The Worcester vigil is not specifically a Quaker concern, but a number of Quakers are regulars there, Mike True the most devoted of them. As most people know, the Quakers reject all violent conflict, including and especially wars of any kind. They can date this policy back to a famous declaration made by Quaker founder George Fox, who wrote a letter to the English King in the late 17th century denouncing war and weaponry. Fox's purpose was to assuage the King's fears that the Quakers were a subversive group bent on revolution. Fox's commitment to peace has remained a mainstay of Quaker principles throughout its history.

The Quakers can hardly be accused of cowardice, though. They have consistently risked life and limb to support unpopular reforms and social movements, most of which are ones that we take for granted today. They were the first religious group to officially condemn slavery in the United States; they have championed women's rights from their founding; they fought for better conditions for prisoners and the mentally ill during the centuries when those two groups wasted away in abysmal living conditions; they have been on the ground and delivering food and supplies during many of the world's great catastrophes, from the Irish potato famine to the conflicts in the former Yugoslavia.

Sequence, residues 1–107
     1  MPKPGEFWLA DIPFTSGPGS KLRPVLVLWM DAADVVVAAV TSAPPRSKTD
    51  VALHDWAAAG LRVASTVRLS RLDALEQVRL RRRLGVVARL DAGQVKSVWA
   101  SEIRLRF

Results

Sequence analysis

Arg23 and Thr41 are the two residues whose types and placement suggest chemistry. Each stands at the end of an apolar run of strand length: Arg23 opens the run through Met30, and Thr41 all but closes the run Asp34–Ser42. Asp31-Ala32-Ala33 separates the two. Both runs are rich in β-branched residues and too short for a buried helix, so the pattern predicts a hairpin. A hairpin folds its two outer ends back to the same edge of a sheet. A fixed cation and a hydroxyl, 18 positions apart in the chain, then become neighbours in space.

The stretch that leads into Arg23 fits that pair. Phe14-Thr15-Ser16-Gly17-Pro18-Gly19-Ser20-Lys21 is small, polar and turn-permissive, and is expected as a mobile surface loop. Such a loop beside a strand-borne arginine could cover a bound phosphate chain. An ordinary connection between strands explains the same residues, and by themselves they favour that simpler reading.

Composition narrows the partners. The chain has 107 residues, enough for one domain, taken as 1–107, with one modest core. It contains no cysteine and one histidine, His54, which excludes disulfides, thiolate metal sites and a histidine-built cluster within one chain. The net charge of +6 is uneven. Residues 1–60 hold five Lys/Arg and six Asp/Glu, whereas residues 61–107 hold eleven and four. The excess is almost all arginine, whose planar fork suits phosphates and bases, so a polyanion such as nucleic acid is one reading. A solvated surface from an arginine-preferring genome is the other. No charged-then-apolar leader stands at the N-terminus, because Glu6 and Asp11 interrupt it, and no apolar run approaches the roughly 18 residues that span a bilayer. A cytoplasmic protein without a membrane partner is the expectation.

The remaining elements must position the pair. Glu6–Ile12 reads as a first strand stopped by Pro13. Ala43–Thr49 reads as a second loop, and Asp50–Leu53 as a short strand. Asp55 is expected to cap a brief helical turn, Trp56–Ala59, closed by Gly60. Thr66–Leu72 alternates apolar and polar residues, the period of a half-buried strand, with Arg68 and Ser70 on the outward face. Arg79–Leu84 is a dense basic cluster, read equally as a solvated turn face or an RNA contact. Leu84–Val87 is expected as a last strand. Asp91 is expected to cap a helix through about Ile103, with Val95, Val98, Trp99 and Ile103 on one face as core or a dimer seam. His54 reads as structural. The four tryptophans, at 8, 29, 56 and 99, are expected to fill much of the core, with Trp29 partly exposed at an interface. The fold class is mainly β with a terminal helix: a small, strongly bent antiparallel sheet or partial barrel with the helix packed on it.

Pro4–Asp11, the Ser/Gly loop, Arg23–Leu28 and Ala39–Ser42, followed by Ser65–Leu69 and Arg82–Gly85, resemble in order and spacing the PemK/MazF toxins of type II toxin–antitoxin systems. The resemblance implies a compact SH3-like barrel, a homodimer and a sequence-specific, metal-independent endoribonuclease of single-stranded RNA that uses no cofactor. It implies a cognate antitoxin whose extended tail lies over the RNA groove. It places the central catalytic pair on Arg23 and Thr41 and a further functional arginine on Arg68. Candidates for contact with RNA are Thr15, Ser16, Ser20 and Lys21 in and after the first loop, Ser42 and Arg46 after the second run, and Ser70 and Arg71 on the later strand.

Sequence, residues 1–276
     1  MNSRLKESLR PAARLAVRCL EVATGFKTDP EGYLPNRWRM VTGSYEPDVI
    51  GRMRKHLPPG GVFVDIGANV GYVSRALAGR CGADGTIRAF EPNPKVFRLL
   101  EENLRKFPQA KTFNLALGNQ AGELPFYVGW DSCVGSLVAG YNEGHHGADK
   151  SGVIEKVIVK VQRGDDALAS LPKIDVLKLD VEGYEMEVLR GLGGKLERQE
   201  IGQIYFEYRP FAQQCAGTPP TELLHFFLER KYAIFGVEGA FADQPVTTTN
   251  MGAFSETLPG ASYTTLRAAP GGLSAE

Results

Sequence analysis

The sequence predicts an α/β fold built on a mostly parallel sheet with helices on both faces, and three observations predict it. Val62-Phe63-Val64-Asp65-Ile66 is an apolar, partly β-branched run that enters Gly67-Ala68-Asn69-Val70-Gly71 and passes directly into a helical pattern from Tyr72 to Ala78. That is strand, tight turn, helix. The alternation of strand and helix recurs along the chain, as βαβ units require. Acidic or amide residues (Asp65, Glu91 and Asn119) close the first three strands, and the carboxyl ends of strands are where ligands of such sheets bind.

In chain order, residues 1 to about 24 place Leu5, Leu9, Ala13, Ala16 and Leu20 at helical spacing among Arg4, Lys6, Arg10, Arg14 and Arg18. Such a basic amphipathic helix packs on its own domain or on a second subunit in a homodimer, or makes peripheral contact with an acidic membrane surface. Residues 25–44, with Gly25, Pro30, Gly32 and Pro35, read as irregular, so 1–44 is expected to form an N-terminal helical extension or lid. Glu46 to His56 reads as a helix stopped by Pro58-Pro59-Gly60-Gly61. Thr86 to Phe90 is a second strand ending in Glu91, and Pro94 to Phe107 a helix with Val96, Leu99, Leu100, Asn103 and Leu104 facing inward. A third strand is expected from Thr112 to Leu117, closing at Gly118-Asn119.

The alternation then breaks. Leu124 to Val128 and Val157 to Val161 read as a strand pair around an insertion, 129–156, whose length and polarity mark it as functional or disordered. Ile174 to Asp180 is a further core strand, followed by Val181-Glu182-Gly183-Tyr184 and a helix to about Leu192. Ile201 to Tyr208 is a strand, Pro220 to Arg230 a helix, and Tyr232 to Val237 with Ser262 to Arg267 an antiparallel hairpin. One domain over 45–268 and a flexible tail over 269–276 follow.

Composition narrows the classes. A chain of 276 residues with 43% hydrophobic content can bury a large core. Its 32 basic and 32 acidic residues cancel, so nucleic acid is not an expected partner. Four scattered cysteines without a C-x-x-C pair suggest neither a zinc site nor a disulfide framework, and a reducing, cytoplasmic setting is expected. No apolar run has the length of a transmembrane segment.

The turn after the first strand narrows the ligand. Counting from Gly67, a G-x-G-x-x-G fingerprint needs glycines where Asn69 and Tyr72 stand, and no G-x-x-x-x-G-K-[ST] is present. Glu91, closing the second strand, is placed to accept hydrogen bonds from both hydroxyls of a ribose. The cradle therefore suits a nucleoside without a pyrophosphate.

All of these actions stem from the Quaker conviction that religion must be lived. The hour of silent worship on Sunday mornings represents only one part of what it means to call yourself a Quaker; acting on your “concerns” is where Quakers really earn their religious stripes.

From feeding starving peasants on the west coast of 19th-century Ireland to a handful of protesters keeping vigil in downtown Worcester can seem quite a far stretch, and I will confess that my first impression of the vigil was not all that admirable. It looked to me like a lonely and fruitless endeavor. That feeling was intensified when, just after we arrived, a man with a crewcut drove by and shouted out his window at us: “War IS the answer!”

I will confess that I was hesitant to seem like part of the protest; I immediately pulled out my notebook and camera and began acting more like an observer than a participant. My brother, though, picked up a sign and stood right next to the street, jumping in with feet first. He immediately blended right in: within a few minutes he was waving at supporters who drove by and discussing just war theory with Mike and Scott.